The sun sank slowly onto the hills framing the lush green splendor of the Napa Valley. Jeremiah stood watching the hot orange streaks across the sky, followed by a pale mauve haze, but his mind was a thousand miles away. He was a tall man with broad shoulders and a straight back, strong arms and a warm smile. At forty-three years of age, there was more salt than pepper in his hair, yet his hands still had the same strength they had had when he worked in the mines as a young man, and when he bought his first mine in the Napa Valley in 1860. He had staked the claim himself and was the first to find quicksilver in the Napa Valley. He had been seventeen years old, barely more than a boy, but for years he had thought of nothing except mining, just as his father had done before him. His father had come from the East in 1850, and for him, the promise of gold in the West had been fulfilled. He had sent for his wife and son six months after he arrived, his pockets full of gold, and they had come. But when Jeremiah arrived, he was alone. His mother had died on the way. And for the next ten years he and his father had worked side by side, mining gold, then silver when the gold ran thin, and then when Jeremiah was nineteen, his father died, leaving him a fortune far larger than even Jeremiah had dreamed of. Richard Thurston had saved everything for him, and Jeremiah was suddenly richer than almost any man in the state of California.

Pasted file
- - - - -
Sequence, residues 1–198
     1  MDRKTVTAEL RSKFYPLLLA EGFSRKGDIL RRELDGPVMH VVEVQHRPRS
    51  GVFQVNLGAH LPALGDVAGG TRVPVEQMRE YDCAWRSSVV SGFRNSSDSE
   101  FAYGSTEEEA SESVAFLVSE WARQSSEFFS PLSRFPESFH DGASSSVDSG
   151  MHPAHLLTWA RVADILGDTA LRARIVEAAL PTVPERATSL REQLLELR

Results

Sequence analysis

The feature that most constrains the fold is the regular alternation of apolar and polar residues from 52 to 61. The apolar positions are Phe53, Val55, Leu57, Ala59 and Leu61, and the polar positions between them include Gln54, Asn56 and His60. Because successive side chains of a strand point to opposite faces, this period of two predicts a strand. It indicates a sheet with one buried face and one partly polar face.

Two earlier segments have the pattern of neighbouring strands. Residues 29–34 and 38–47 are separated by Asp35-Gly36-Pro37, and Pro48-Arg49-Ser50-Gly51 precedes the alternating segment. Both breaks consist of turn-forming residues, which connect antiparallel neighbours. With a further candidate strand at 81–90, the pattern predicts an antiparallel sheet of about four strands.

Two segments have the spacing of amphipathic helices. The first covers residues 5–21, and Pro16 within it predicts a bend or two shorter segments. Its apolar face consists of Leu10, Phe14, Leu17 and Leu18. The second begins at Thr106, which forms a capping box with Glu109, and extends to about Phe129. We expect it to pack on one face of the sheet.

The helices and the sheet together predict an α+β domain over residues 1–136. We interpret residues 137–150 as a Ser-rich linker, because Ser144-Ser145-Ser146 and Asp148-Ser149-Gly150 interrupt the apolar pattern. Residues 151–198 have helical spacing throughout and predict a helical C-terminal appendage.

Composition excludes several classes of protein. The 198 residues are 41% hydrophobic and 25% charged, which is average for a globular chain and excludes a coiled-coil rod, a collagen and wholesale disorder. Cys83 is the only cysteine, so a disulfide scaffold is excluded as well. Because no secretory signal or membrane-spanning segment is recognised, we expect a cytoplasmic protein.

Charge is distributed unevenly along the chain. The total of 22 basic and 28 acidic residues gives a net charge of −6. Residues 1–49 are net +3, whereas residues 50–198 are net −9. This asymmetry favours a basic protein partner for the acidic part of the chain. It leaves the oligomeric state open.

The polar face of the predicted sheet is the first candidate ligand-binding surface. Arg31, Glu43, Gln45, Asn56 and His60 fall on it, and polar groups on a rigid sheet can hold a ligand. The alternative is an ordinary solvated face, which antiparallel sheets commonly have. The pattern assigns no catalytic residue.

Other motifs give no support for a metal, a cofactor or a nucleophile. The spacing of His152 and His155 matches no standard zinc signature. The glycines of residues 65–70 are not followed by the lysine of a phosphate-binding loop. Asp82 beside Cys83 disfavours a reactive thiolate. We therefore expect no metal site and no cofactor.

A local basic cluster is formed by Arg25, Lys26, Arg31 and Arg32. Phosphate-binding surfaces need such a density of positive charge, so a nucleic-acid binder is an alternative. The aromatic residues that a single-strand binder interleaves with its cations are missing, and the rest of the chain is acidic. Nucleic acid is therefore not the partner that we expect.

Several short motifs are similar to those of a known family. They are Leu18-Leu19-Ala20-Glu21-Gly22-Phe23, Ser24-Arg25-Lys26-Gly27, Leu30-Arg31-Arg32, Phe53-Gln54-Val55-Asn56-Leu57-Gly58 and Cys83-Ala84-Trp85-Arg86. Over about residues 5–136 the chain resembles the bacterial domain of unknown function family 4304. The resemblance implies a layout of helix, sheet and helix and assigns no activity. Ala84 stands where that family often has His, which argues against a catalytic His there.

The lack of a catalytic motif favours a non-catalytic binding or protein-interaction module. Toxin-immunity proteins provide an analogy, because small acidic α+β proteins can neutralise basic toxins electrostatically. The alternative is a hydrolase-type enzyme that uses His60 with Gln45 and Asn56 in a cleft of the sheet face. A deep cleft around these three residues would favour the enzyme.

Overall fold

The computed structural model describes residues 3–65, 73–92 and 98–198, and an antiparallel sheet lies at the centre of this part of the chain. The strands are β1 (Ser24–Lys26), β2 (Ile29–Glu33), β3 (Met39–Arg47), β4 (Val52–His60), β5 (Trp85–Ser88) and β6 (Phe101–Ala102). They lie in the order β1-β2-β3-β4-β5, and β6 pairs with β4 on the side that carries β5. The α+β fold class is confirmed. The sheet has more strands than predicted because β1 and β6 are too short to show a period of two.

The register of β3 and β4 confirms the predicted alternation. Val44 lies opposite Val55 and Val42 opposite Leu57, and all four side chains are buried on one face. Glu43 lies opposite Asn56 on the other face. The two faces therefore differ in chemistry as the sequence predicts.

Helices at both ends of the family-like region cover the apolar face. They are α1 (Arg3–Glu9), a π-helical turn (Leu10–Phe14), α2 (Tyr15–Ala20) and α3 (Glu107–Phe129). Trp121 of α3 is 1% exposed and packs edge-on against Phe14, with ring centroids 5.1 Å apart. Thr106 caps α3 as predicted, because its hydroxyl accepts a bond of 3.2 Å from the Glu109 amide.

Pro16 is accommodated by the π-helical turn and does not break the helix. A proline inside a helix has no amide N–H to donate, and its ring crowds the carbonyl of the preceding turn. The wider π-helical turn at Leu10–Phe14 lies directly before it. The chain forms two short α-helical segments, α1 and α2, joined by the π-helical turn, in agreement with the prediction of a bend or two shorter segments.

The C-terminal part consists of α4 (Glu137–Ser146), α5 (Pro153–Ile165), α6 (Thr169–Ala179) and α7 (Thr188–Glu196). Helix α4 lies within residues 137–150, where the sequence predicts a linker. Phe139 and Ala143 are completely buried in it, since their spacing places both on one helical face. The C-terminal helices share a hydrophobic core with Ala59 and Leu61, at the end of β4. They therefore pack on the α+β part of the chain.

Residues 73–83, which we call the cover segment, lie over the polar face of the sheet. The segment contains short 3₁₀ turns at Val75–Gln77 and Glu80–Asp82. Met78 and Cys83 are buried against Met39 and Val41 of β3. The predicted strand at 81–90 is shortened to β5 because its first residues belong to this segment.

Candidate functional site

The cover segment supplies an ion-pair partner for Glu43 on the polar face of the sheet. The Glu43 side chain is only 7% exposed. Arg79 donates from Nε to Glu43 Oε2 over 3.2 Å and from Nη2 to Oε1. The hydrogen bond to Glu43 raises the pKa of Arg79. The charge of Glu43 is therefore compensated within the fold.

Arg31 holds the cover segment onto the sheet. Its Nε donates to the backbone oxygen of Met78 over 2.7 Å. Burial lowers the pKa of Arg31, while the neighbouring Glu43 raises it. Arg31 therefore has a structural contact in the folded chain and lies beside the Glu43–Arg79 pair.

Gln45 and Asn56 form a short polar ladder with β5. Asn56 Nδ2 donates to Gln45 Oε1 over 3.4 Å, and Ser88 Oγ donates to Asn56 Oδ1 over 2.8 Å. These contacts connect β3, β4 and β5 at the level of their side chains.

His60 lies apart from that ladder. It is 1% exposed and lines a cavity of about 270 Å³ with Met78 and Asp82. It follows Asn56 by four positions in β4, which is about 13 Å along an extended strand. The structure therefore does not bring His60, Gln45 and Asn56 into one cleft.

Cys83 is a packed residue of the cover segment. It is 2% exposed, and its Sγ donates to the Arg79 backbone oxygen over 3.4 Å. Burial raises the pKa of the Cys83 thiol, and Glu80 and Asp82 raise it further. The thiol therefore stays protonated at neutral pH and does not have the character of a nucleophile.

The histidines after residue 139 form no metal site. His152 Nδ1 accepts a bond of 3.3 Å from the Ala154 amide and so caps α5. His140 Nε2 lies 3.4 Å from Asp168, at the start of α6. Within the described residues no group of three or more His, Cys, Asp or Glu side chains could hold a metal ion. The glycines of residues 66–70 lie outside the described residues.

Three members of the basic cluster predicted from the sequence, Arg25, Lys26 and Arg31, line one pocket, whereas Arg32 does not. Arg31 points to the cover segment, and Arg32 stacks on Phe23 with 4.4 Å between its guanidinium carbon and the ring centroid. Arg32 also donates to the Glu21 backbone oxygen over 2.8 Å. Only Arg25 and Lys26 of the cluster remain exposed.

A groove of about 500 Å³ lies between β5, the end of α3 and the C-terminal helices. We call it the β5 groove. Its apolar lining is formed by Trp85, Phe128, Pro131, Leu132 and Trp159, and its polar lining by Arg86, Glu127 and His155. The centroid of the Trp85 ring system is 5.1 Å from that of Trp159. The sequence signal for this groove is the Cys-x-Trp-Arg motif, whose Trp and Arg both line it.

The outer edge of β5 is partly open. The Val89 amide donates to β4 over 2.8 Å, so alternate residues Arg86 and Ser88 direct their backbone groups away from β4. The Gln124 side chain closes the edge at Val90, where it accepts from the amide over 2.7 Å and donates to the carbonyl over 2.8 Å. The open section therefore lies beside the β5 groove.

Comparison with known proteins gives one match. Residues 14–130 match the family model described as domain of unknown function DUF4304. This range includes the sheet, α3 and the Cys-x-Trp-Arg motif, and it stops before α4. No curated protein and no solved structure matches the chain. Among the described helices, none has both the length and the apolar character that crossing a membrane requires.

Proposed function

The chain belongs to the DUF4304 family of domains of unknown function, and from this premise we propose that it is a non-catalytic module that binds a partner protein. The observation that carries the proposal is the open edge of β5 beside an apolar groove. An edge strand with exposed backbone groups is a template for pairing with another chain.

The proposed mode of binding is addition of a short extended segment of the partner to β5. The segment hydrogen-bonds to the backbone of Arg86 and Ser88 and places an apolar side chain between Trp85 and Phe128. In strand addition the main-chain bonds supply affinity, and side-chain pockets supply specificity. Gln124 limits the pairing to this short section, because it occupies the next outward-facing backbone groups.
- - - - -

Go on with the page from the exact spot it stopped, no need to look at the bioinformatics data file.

But for him, it didn’t change anything. He went on working in the mines, beside the men he hired, buying mines, buying land, building, growing, mining. His men said that he had the gift of gold, everything he touched succeeded and grew, just as the quicksilver mines he established in Napa, when the silver mines ebbed. He made the transition swiftly and wisely, before others understood what he was doing. But it was the land he loved best. The rich brown soil he would run through his fingers and then hold lovingly in his hand…he loved its warmth, its texture, and all that it represented, as he looked as far as the eye could see, at the hills, the trees, the tidy-looking valley, the lush green carpet of grass stretching ahead of him. He had bought vineyards too, from which he produced a pleasant little wine. He loved everything that the land produced, apples, walnuts, grapes…ore…this valley meant more to him than anything…or anyone…. He had spent thirty-five of his forty-three years right here, looking out at the same gently rolling hills, and when he died he would be buried here. This was where he belonged, the only place in the world he wanted to be. Wherever he went in the world, and Jeremiah Thurston had been far, this was the only place he wanted to live, in the Napa Valley, standing here at sunset, looking out over his hills.